One of the most common questions we receive from customers interested in stone countertop is, “Will my countertops have a seam?” This is understandable, as customers often envision counters as a picture-perfect slab. Unfortunately, due to slab size limitations of stone countertops (generally in the 60” X 125” range), most kitchens require a seam. The best way to enjoy your perfect countertop is to accept that slab size, the design pattern of the material, where the counters are being installed, and the associated access point size dictate the number of seams required in a countertop project.
If you desire to completely avoid seams, you will need to make your countertop selection early in the home and cabinet design process, having your General Contractor limit the size of the island or a single run of countertop to the slab material size. In addition, you also have to allow adequate space to accommodate the material’s length and width so it can safety be transported to the final installation destination within your home.
Just because seams are normally inevitable doesn’t mean you should be frightened of using natural or engineered stone for your new countertops.
Colors And Veining Patterns
While most homeowners understand that seams can never be truly invisible, they can still be made inconspicuously. The choice of colors and patterns will dictate the visibility of seams.
Generally lighter colors with limited patterns or veining create a natural contrast between the stone and the seam, which tends to make them more visible. This is why, when it works with your design, selecting darker colors with more patterns will tend to limit seam visibility. As you look through different slabs or you’re deciding between two stones, this is something you will want to consider if your project requires a seam.
Location Of The Seam
In the design process, the Programmer and Templator take into consideration the size of the slabs, the stone pattern, and providing proper seam support when choosing the seam placement. In most cases, taking these items into consideration allows for a long lasting seam.
What To Expect During Final Seam Positioning
The seam placement doesn’t have to be perfect during the early estimation stage of your countertop project. Information gained later in the process, specifically at template, allows the Programmer to precisely layout the countertop project and incorporate exact seam placement.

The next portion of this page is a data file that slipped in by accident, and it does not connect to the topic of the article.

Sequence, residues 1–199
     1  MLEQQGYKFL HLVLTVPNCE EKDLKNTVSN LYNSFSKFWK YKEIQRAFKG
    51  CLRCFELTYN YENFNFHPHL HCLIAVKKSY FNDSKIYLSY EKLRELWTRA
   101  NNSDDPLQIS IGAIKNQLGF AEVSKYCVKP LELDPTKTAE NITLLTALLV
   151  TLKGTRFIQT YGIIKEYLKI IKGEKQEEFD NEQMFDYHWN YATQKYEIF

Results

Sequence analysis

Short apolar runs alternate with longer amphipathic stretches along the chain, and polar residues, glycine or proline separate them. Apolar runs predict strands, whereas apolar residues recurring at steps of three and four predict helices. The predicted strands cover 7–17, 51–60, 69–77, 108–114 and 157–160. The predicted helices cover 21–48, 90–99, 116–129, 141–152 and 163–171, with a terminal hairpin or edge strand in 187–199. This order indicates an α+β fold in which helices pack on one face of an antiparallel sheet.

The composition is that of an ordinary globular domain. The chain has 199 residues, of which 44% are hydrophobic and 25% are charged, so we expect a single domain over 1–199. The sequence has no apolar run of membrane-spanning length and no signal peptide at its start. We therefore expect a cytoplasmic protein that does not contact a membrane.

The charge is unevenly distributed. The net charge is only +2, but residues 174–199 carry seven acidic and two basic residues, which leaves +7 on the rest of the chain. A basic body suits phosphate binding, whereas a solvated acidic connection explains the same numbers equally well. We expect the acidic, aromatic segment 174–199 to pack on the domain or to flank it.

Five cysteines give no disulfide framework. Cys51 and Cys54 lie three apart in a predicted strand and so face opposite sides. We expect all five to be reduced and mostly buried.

If you have concerns about slab layout and seam placement, please formally request from your Project Manager digital images for your review and approval prior to your countertop project moving forward in production. When doing this, prompt review and associated response is necessary to avoid potentially delaying your countertop installation date.
Seam Coloring And Size
When two or more stone pieces are joined together, your installation crew will use epoxy resins and polymers to create a strong durable bond. In an attempt to minimize the visibility of the seam, if necessary, your installation crew will tint the epoxy resins to mimic the base color of the stone. The Natural Stone Institute’s standard for acceptable seam width is 1/16 of an inch.
Painstaking effort is made when installing countertops to avoid unevenness in the seam which is referred to as lippage. If necessary, your installation crew will shim the counters to level the surface, adjusting for a multitude of variables including different slab thicknesses, unlevel cabinetry, and any warpage that might exist in the material.
In the seaming process, the install crew uses a tool called a seam setter to assist in limiting any unevenness in the seam. The end goal is to have the seam as flat as possible. A good way to judge the quality of the seam, is to run a wine glass across the seam, pushing it back and forth at the center of the stem. If it passes over the seam without tipping that would qualify as a good seam. For reference, the Natural Stone Institute’s standard for acceptable seam lippage is 1/32 of an inch.
Set Realistic Expectations
The best way to approach seams is to set a reasonable expectation. While the Templator, Programmer, Fabricator and Installation Crew will do everything possible to make your countertop look great, remember that seams will not be completely invisible and perfectly flat. The best thing to do is work with your Project Manager to establish realistic expectations.
Working in tandem through these various steps with your designer and Project Manager will help Wise Stone Choice deliver the final countertop project you desire.
If you would like to discuss further, always feel free to reach out to Wise Stone’s staff at (260) 749-8062 or stop at our showroom at 5733 SR 930E, Fort Wayne, IN 46803.